Update on mail bombing threats--not so funny
dan at dpcsys.com
Sat Jan 11 03:09:05 UTC 1997
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On Fri, 10 Jan 1997, Vadim Antonov wrote:
> Can it be fixed? Of course. But the first step in filtering out
> those who are trying to push their unwanted speech on us is to
> make sure they won't pretend to be somebody whose words we'd
> want to listen to.
> Now, how about doing the right thing: make the NANOG list the
> first one to require signed messages? Somebody has to start.
So in order to post to nanog you would have to have your PGP
key signed by NANOG or the list operator or another entity trusted
by all. How do you establish trust for that signing?
The Usenix key signing is a good model for techie types, but
we are the minority. How would the great unwashed have their
keys signed? Besides, I like being able to post without having to
attend a NANOG meeting though I could live with the restriction.
I agree that both goals, authentication and flooding defense, are
desirable. Source address verification is important and doable as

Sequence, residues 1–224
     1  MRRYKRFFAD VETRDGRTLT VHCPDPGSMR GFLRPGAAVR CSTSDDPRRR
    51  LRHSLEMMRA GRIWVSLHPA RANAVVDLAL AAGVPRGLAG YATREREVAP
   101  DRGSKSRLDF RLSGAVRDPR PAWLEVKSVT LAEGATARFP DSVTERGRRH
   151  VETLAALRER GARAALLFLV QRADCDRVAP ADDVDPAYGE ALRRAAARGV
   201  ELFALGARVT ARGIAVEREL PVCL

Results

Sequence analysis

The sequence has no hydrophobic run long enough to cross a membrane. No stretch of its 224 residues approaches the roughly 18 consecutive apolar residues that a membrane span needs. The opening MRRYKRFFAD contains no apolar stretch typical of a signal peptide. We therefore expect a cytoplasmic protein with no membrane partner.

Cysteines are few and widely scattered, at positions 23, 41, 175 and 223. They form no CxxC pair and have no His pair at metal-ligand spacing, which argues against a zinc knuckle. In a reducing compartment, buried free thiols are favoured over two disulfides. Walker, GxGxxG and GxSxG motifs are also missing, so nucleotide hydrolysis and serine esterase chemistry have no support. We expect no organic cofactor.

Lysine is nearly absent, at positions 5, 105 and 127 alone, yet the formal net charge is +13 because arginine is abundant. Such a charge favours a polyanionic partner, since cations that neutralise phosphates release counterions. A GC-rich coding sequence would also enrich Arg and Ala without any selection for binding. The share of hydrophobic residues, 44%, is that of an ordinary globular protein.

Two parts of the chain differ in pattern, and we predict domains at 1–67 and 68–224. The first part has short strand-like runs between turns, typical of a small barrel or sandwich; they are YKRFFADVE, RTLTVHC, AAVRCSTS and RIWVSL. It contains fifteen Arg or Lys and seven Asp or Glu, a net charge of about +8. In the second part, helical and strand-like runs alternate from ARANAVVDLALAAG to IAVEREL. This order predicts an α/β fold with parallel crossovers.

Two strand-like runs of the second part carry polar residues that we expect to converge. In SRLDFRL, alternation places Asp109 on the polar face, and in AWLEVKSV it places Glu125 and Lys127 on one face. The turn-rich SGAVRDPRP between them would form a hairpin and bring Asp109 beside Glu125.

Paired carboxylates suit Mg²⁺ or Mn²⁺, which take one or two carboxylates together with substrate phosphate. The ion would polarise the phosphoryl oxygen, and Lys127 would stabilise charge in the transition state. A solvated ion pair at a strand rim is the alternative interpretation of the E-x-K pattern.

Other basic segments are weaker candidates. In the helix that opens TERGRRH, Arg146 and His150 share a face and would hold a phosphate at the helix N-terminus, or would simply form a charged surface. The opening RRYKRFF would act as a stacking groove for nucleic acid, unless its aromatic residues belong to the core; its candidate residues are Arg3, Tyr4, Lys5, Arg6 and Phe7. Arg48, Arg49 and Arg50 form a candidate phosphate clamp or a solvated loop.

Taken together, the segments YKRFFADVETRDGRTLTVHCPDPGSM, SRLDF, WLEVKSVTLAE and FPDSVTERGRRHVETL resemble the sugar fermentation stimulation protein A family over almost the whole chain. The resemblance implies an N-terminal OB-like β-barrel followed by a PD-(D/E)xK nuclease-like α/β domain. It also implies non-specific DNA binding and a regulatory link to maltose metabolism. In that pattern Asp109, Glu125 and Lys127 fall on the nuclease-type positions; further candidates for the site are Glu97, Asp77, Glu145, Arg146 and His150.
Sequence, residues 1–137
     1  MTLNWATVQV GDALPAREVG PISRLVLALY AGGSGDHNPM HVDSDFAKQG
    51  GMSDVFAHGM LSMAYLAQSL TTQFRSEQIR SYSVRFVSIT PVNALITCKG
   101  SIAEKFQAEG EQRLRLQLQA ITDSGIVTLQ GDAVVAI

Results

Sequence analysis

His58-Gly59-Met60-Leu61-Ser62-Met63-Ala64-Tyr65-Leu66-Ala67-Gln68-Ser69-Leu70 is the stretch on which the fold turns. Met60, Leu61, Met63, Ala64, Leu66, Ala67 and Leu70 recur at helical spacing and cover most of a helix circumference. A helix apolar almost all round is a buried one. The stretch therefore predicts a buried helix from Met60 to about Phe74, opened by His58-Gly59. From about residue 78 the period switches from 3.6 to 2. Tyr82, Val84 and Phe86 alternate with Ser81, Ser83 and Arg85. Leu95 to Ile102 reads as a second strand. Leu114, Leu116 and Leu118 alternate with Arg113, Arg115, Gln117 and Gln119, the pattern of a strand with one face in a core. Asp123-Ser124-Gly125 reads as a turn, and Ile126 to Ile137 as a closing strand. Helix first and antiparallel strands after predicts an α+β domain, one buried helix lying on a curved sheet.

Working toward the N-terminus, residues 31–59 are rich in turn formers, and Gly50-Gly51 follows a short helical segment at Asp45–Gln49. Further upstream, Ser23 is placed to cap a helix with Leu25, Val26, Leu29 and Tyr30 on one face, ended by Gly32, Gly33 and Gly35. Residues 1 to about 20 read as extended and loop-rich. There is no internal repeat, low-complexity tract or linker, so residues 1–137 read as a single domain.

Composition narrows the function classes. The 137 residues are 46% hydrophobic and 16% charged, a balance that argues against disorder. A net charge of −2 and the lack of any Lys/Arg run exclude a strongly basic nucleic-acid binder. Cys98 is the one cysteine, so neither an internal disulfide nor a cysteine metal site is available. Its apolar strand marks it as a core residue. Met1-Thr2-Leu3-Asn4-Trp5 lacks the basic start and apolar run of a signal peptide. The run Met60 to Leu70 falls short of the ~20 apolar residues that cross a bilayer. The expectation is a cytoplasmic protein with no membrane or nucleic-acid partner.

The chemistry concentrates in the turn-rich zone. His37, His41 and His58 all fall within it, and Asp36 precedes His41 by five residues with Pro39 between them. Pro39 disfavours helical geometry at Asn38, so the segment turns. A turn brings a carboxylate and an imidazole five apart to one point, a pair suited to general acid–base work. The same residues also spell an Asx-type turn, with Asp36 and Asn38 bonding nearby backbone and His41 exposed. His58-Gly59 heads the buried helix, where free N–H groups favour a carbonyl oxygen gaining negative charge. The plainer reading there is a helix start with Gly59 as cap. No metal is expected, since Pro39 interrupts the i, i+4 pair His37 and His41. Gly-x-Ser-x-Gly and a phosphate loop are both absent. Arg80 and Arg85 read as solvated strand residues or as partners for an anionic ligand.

long as everyone in a position to do so wants to. We have our filters
in place, does everyone? There are 3000+ of us little guys and
we are the ones who need to do it. The NSPs and regionals could
possibly filter at customer gateways but with multi-homing how much
human/CPU load would that present?
Authentication is worse when looking at ubiquitous verification.
Unless we give up on PGP and switch to PEM and RSA certs (using RSA
as a trusted authority). And even then, for personal certs anyway,
they don't seem very secure to me. I can get one for free and all
they require is a valid e-mail address to send it to. Once I have it
I can forge my e-mail address and use the cert to sign messages
originating from another account. Of course the original "valid"
e-mail address has long since disappeared. I haven't actually tried
this, but I don't see how a signed message injected into an SMTP port
could be distinguished from a "real" one. Sure, the IP address will
be in the headers, but they aren't signed.
Now the threat of RSA pursuing me for violation of their personal
use restrictions *might* slow down some spammers, but probably not
until a few have been caght and hung.
This might be more on topic on cryptography at c2.net.
Majordomo list. Low volume.
Dan Busarow 714 443 4172
DPC Systems / Beach.Net dan at dpcsys.com
Dana Point, California 83 09 EF 59 E0 11 89 B4 8D 09 DB FD E1 DD 0C 82
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